"I've tried to relive or recount it and it's still a bit of a blur, it still really hasn't sunk in."
What made York's achievement even more extraordinary was his relatively simple training schedule. Apart from regular indoor workouts, York had been on only three 100km-plus rides since March.
His training regime will have to increase if he wanted to complete the 515km Ultraman Australia endurance race in May, which York was selected for as one of 53 people to participate.
Facing a 10km swim, 140km bike, 281.1km bike and 84.3km run - all to be completed within 36 hours over three days - York knows it will be his biggest test yet.
"The 84km run will be probably be challenging because I don't like running," he laughed.
"I've only been for one run this year and it was on the treadmill for 10km."
Despite his obvious skill for endurance-based sports, York was fascinated by the idea of 'mind over matter', the mental strength required to finish extreme physical tasks.
While the father of two considered himself a fairly typical Northlander, York said he prided himself on honouring the commitments he makes to endurance races.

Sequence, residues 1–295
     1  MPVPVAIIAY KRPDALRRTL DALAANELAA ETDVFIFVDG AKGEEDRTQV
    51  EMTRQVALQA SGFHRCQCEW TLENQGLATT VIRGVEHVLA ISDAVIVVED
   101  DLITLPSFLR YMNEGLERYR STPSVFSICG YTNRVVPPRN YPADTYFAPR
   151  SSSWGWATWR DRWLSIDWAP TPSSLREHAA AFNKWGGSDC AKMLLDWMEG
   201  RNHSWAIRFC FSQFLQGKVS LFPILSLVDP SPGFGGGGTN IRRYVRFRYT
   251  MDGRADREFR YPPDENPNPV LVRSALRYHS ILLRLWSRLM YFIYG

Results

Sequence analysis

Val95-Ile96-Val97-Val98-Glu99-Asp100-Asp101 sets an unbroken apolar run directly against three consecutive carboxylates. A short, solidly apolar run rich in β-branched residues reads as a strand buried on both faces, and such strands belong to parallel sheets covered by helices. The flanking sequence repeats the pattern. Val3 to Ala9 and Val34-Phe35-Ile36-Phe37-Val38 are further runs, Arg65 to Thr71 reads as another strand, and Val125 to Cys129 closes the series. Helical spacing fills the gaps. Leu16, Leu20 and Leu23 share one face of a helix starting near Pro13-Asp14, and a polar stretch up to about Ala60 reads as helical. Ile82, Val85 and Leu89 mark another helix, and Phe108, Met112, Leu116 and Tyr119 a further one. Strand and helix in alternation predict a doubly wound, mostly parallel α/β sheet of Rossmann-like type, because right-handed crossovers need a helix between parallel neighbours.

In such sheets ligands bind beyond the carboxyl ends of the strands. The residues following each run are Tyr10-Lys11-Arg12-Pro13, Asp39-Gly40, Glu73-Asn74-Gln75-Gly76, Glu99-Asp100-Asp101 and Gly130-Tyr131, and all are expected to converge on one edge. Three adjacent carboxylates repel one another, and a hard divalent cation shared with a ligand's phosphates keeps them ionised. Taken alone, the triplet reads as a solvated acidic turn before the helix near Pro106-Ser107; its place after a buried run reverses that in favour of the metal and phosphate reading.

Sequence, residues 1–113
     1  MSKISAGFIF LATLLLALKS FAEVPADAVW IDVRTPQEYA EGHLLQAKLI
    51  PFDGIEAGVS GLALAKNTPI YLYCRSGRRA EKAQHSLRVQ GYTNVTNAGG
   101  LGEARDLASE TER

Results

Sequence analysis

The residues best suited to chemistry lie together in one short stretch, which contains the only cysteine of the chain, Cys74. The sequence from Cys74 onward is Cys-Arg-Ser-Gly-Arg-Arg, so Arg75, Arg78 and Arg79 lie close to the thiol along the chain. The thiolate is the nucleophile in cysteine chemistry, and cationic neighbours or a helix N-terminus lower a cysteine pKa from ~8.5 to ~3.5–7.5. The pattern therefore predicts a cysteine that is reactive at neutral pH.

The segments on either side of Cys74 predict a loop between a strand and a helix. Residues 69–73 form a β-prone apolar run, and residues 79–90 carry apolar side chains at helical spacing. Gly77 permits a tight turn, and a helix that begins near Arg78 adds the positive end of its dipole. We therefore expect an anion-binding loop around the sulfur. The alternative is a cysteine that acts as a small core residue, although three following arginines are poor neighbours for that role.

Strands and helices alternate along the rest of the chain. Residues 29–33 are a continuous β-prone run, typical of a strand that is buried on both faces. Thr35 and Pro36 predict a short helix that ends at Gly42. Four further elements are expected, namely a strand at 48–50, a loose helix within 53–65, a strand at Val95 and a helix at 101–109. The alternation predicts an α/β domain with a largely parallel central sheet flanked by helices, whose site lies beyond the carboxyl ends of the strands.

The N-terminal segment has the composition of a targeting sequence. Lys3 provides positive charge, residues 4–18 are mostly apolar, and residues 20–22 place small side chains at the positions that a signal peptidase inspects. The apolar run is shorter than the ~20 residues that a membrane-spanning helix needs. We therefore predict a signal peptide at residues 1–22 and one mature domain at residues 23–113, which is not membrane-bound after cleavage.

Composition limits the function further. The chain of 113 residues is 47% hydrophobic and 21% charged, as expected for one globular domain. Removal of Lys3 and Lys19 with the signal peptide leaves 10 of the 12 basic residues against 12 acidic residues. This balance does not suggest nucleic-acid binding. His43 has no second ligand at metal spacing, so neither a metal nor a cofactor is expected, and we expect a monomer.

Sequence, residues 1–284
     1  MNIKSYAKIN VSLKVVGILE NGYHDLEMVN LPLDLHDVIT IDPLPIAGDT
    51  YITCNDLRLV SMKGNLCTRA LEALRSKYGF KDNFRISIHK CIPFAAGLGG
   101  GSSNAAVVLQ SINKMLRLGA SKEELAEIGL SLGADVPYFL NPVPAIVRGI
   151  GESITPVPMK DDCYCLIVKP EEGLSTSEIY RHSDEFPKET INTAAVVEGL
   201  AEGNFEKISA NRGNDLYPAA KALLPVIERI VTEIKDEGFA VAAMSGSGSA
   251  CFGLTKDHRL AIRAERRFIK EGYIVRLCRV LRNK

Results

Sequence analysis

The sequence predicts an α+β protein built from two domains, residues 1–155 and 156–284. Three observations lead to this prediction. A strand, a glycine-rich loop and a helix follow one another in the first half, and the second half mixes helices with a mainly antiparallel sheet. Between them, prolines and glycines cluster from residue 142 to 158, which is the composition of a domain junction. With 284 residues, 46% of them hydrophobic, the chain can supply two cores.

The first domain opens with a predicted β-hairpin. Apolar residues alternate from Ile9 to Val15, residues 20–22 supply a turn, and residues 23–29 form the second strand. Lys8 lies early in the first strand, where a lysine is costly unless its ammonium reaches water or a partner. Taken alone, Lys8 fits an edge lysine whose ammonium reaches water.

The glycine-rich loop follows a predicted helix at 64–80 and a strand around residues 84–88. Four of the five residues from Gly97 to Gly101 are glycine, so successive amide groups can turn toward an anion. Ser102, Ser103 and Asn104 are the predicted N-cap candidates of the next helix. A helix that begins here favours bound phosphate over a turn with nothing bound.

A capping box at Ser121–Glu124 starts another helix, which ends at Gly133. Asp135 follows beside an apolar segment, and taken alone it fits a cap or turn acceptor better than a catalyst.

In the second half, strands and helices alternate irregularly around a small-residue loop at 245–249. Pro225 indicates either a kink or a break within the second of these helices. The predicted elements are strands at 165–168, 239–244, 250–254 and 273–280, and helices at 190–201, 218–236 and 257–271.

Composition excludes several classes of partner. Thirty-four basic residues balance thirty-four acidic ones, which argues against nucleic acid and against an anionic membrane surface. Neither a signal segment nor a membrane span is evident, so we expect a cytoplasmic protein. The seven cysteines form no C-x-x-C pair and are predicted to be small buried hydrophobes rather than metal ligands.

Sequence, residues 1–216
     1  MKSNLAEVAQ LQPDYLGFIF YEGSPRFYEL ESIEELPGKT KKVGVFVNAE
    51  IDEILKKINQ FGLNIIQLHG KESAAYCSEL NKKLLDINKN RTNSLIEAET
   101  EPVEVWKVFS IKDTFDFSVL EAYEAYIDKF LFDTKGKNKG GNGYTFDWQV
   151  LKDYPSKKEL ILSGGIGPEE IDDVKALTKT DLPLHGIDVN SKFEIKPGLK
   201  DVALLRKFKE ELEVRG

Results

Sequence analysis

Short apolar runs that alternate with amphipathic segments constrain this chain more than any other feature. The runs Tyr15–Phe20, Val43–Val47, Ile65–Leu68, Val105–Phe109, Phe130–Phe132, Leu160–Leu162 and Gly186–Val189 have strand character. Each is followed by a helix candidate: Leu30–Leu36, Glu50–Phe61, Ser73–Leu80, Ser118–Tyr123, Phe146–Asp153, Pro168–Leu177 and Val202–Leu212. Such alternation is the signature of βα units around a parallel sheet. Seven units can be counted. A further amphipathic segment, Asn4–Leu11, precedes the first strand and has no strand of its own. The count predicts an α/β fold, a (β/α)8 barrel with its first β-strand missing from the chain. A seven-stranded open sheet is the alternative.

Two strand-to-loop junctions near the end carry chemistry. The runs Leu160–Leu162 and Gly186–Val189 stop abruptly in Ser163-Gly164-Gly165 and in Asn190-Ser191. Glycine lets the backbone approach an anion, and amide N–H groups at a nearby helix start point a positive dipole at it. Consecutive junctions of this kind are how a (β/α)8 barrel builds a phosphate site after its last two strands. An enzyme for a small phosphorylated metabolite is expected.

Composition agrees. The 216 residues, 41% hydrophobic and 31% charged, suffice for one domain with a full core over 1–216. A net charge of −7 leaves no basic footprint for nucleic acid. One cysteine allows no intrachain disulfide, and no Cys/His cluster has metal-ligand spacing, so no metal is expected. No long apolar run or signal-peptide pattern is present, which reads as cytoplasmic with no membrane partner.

"You lay your mana on the line by saying you're going to do this and in some ways, you don't want to be known as someone who starts something and couldn't do it."
York's ultimate goal is to complete 12 Ironman, which would make him eligible for a legacy pass to the World Ironman Championships in Hawaii.
Still undecided whether he would make it to a dozen, York said he was happy to be encouraging family and friends to believe in their ability to do the impossible.
"It might sound cliché but the joy that I'm striving to get is to make the seemingly impossible, possible for other people," he said.
"That's probably the biggest buzz I've get out of doing all of these things, witnessing and watching other people do it."